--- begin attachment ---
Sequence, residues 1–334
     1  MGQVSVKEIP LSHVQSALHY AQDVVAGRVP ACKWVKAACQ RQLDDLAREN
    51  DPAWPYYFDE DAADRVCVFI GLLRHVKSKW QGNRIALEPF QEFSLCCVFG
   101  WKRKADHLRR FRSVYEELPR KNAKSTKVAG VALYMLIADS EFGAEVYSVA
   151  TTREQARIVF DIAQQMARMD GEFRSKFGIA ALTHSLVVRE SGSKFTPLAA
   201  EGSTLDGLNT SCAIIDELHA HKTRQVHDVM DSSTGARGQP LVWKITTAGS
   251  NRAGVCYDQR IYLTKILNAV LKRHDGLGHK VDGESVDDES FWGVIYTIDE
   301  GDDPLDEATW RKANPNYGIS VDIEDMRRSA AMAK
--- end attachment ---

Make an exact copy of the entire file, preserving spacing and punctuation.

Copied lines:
Sequence, residues 1–334
     1  MGQVSVKEIP LSHVQSALHY AQDVVAGRVP ACKWVKAACQ RQLDDLAREN
    51  DPAWPYYFDE DAADRVCVFI GLLRHVKSKW QGNRIALEPF QEFSLCCVFG
   101  WKRKADHLRR FRSVYEELPR KNAKSTKVAG VALYMLIADS EFGAEVYSVA
   151  TTREQARIVF DIAQQMARMD GEFRSKFGIA ALTHSLVVRE SGSKFTPLAA
   201  EGSTLDGLNT SCAIIDELHA HKTRQVHDVM DSSTGARGQP LVWKITTAGS
   251  NRAGVCYDQR IYLTKILNAV LKRHDGLGHK VDGESVDDES FWGVIYTIDE
   301  GDDPLDEATW RKANPNYGIS VDIEDMRRSA AMAK